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Theatre professor recognized for outstanding vocal scholarship

Professor Shannon Vickers receives Dudley Knight Award for Indigenous accent research

Professor Shannon Vickers

Professor Shannon Vickers. Photo supplied.

Professor Shannon Vickers has been recognized with a Dudley Knight Award for Outstanding Vocal Scholarship for her recently published paper Accent and Language Training for the Indigenous Performer: Results of Four Focus Groups.

This award is named in memory of Dudley Knight, a former Voice and Speech Review (VSR) editor and distinguished Voice and Speech Trainers Association (VASTA) member. It is the highest honour for peer-reviewed research in her field.

Relationships offer the foundation for this work to be possible.

Professor Shannon Vickers

“I am honoured to receive this award,” said Vickers. “It is especially meaningful to me because I had the opportunity to get to know and train with Dudley in the early stages of my career; including in the weeks prior to his passing in the summer of 2012. He was a wonderfully skilled and kind educator, and his approach continues to inform my pedagogy, research, and creative work.”

The article Vickers is being recognized for highlights the experience of Indigenous performers in Canada. It is the culmination of a three-year SSHRC Insight Development Grant-funded project, Best Practices in Indigenous Accents

Language toolkit supports Indigenous storytelling

Along with co-authors Eric Armstrong, Katie German, and Elan Marchinko, Vickers recommends ways to better serve Indigenous actors-in-training, create appropriate and effective accent and language resources, and improve how professional Indigenous artists are supported in roles requiring Indigenous language and/or accents.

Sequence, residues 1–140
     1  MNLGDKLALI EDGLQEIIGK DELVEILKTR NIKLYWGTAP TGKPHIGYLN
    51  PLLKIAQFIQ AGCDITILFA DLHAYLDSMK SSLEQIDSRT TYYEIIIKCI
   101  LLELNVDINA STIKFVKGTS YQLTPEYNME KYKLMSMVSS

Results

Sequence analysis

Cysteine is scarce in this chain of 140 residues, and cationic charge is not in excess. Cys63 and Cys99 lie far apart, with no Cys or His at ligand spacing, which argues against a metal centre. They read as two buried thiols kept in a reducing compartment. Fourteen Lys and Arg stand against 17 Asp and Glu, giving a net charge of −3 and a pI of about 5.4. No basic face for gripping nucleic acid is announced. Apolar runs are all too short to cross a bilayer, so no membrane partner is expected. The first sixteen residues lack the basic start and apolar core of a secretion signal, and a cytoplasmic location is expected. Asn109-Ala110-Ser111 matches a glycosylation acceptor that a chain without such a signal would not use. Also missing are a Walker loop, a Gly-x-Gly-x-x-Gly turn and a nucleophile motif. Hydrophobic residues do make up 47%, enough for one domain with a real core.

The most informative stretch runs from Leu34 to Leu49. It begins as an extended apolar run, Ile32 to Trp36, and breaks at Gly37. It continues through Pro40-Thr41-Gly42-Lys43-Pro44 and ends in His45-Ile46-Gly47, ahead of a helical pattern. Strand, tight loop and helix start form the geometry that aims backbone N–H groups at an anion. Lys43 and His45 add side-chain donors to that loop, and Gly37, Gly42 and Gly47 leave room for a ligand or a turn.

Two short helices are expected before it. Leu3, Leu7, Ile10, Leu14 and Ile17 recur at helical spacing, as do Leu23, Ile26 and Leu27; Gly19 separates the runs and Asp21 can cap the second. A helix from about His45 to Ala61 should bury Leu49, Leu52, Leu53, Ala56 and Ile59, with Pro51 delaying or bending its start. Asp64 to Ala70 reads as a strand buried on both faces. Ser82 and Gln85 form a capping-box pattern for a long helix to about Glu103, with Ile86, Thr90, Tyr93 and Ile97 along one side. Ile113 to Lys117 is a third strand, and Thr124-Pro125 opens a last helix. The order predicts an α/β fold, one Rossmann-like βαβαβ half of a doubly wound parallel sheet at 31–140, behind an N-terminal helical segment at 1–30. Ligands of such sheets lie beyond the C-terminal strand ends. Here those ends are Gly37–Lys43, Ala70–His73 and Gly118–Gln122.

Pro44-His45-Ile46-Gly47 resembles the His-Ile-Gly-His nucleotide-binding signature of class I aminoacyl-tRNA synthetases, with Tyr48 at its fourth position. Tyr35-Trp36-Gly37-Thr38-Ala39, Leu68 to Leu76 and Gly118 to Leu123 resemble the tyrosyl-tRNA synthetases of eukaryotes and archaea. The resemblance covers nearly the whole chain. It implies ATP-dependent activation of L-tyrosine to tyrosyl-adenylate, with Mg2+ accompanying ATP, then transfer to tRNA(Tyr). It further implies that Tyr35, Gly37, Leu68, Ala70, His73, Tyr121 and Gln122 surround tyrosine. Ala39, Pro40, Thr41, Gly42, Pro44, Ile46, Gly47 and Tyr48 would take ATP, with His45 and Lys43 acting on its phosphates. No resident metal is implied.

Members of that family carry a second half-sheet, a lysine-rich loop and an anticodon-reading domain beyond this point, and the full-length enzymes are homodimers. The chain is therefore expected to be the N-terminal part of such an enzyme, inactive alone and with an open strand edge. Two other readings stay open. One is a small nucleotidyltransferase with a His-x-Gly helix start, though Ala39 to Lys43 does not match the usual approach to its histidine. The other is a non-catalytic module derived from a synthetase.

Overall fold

The research team reviewed the outcomes of four focus group discussions with Indigenous performers around the topic of accent and language training and their use in performance. 

“Researchers and coaches must develop relationships with Indigenous artists, educators, and researchers to ensure the stewardship of resource creation is led by Indigenous artists and that subsequent resources are safeguarded and returned to the communities they intend to serve,” said the paper’s authors.

Vickers is thankful to the many members of the UWinnipeg community who contributed knowledge, time, and energy to the project; including her excellent Research Assistant, UW student Cameron Adams—recipient of the 2019 Young Humanitarian of the Year Award. 

Wii Chiiwaakanak Learning Centre and the Aboriginal Student Services Centre generously offered the project support with space, administration, and care; making Cameron’s fieldwork possible. Vickers is grateful for the generosity of Elders and staff that supported the project. 

Vickers says that relationships, built through time, repeated interactions, and trust building, are the cornerstone of coaching Indigenous accents.

“Relationships offer the foundation for this work to be possible,” said Vickers. “For settlers, (re)educating oneself in an awareness and knowledge of a country’s colonial history is necessary to support building relationships in one’s community; and relationships are what allow for collaboration and creativity to flourish.”

Vickers hopes the publication will encourage more research, resource-creation and support for Indigenous storytelling in performance contexts worldwide.

Vickers is a Professor in UWinnipeg’s Department of Theatre and Film. She has served as a voice, speech, and/or text coach on over 30 professional theatre productions in Canada, and is the author of the recently published Online Theatre Voice Pedagogy: A Literature Review.

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